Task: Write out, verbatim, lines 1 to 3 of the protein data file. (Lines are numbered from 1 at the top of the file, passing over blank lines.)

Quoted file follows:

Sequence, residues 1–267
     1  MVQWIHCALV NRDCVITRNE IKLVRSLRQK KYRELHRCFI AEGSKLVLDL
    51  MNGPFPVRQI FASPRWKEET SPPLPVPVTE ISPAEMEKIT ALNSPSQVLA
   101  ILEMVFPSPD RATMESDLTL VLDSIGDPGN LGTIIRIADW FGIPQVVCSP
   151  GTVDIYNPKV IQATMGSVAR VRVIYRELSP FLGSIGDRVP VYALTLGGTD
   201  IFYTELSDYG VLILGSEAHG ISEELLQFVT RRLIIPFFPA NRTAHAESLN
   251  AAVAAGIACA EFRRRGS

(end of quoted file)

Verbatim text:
Sequence, residues 1–267
     1  MVQWIHCALV NRDCVITRNE IKLVRSLRQK KYRELHRCFI AEGSKLVLDL
    51  MNGPFPVRQI FASPRWKEET SPPLPVPVTE ISPAEMEKIT ALNSPSQVLA